Directed by Tommy O'Haver
Written by Laurie Craig and Karen McChllah & Kirsten Smith and Jennifer Heath & Michele J. Wolff
Starring Anne Hathaway, Hugh Dancy, Cary Elwes, Joanna Lumley, Eric Idle, Minnie Driver, Lucy Punch, Jennifer Higham
After Shrek, you would think a live-action film with a similar sensibility would be something of a success, especially when its script is superior. But Ella Enchanted somehow never caught on with audiences, despite a great cast, a witty story, and a fascinating predicament.
It is another postmodern fairy tale, but a tad more original than many others. Ella of Frell (Anne Hathaway) is put under a spell at birth by her fairy godmother Lucinda (Vivica A. Fox): a spell that compels her to obey any commands anyone gives her. If you tell her to hold her tongue, for instance, she will literally hold her tongue. She, of course, keeps this a secret from everyone, including her wicked stepmother, Dame Olga (Joanne Lumley).
Ella is something of a rebel, and meets up with Prince Charming (Hugh Dancy), the teen idol of the land. She is unimpressed with him -- her first meeting is to protest his visit -- but joins up with him in order to try to break the spell. And the regent, Sir Edgar (Cary Elwes) has sinister plans for the prince.
Like Shrek, the story plays with fairy tales and anachronisms. Price Charming is a mainstay in Medieval Teen. There's an elf who wants to be lawyer. Ella charms a group of giants by singing Queen's "Find Me Somebody to Love" (Queen seems to work well in medieval settings -- see "We Will Rock You" in A Knight's Tale). But the spell -- and the ramifications of it -- gives it all a stronger plot.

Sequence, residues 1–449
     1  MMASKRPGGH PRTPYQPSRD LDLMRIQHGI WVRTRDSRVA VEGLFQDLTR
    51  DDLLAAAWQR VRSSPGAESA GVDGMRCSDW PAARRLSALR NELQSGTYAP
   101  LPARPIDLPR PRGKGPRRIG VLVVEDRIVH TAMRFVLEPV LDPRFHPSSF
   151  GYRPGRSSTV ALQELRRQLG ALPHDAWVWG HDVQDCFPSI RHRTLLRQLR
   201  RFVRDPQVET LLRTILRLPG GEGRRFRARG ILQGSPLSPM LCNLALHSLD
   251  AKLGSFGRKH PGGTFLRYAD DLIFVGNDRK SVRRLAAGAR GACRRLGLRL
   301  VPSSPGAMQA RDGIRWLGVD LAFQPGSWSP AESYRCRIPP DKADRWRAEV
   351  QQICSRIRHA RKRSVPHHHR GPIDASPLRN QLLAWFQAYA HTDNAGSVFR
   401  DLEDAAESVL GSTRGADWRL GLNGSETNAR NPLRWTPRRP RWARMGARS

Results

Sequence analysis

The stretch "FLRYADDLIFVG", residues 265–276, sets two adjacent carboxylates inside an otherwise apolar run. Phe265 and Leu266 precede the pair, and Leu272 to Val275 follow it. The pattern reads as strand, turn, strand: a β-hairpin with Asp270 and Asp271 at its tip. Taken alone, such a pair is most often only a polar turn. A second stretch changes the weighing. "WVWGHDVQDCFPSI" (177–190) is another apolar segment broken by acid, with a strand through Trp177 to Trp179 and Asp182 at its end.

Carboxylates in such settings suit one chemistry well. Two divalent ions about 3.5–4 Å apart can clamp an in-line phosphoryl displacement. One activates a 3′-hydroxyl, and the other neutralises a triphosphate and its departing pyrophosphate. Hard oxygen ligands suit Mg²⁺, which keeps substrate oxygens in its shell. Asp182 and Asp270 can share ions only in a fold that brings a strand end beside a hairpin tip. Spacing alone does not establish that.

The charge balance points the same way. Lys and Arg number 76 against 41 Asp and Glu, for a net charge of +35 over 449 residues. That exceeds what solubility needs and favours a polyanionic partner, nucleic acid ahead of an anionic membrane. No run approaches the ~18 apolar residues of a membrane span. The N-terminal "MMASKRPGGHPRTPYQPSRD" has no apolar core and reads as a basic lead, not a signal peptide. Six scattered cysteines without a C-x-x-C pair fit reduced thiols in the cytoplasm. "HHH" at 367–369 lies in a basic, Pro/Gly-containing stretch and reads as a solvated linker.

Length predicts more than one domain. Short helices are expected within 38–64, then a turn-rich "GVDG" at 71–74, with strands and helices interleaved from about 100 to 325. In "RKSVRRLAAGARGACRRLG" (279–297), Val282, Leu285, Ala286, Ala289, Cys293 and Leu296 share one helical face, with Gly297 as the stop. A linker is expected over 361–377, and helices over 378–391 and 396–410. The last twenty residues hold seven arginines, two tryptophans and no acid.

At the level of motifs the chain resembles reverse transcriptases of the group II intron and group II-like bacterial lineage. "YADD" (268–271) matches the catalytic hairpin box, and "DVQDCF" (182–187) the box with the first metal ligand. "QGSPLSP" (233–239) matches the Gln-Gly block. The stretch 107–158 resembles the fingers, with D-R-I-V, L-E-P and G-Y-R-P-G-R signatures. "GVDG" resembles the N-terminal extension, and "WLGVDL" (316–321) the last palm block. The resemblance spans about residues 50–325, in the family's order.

Anne Hathaway is certainly the most charming young actress in films today. She managed to make The Princess Diarieswatchable, and her role as Ella is her at her best. She has a quirky sense of humor and is a delight in every scene.
The rest of the cast is first-rate and it's hard to single out a performance that doesn't work perfectly. Vivica A. Fox is terrific as the vain Lucinda, who cannot see beyond the reaches of her own enormous ego. Cary Elwes makes a great villain, as does Joanne Lumley, with special mention given to Lucy Punch and Jennifer Higham as Ella's dim but cruel stepsisters. Alas, Minnie Driver is a disappointment, with a role that gives her nothing to do.
For some reason, the film never caught on. Maybe it was hard to market; maybe it was too sophisticated. For whatever reason, it flopped. It definitely needs to be rediscovered.